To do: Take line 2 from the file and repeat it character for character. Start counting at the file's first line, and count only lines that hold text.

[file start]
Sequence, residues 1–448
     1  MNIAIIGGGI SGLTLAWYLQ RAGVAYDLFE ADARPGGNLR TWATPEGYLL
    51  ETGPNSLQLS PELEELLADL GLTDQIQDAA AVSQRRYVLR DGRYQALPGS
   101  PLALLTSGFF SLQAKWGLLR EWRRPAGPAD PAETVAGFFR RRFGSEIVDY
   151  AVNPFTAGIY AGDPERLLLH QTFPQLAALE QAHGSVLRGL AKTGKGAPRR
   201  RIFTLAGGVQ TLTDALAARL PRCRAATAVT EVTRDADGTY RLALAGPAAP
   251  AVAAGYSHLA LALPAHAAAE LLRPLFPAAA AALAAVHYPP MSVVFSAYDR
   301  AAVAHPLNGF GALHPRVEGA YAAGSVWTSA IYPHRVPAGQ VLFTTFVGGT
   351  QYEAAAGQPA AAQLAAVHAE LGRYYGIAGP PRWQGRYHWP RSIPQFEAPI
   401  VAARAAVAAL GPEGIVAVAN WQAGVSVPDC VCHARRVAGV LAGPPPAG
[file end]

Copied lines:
     1  MNIAIIGGGI SGLTLAWYLQ RAGVAYDLFE ADARPGGNLR TWATPEGYLL